Gorillas eat fruit, tree bark, pith, terrestrial herbs and leaves. Although they seem to prefer fruit, this is scarce during the dry season so they must depend on other sources of nutrition. The season of fruit scarcity is longer in this more northerly region (4-5 months) (19).
Cross River Gorillas eat more liana and tree bark throughout the year, and less fruit during periods of scarcity, than Western Lowland Gorillas. In Afi, gorillas travelled longer distances when consuming large amounts of fruit, while at Kagwene, the gorillas travelled shorter distances when fruit was abundant. (13)
In their search for food the gorillas may leave their usual ranges, especially when food is scare, either to search in other parts of the forest, or to visit the lowlands, where they can come into conflict with farmers. Although they may damage crops such as banana and plantain, gorillas are not the most destructive animals in this region. Small mammals, and some larger ones such as wild pigs, are worse than primates. (20)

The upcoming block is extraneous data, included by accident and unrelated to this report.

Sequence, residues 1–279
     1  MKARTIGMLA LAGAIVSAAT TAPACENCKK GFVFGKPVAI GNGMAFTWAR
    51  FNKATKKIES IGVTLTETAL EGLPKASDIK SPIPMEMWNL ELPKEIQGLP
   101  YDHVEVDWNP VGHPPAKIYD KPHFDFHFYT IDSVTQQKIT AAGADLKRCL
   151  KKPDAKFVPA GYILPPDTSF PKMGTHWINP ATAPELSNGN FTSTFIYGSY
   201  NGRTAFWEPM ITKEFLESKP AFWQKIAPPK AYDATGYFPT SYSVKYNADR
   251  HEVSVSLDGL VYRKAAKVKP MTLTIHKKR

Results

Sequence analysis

When gorillas do feed on crop plants they can ruin stands of plantain or banana, thus causing a big problem for individual farmers. In January 2006 there were reports of gorillas having caused damage on six farms in two villages near Afi, however according to locals this was the first time in 20 years that such an event had occurred. The combination of the scarcity of food, the proximity of these farms to the forest, and the recent protection against hunting, may have led to this excursion. It is this sort of conflict that can create tension in the local communities, and is one reason why the inclusion of local people in conservation plans is so important.(21)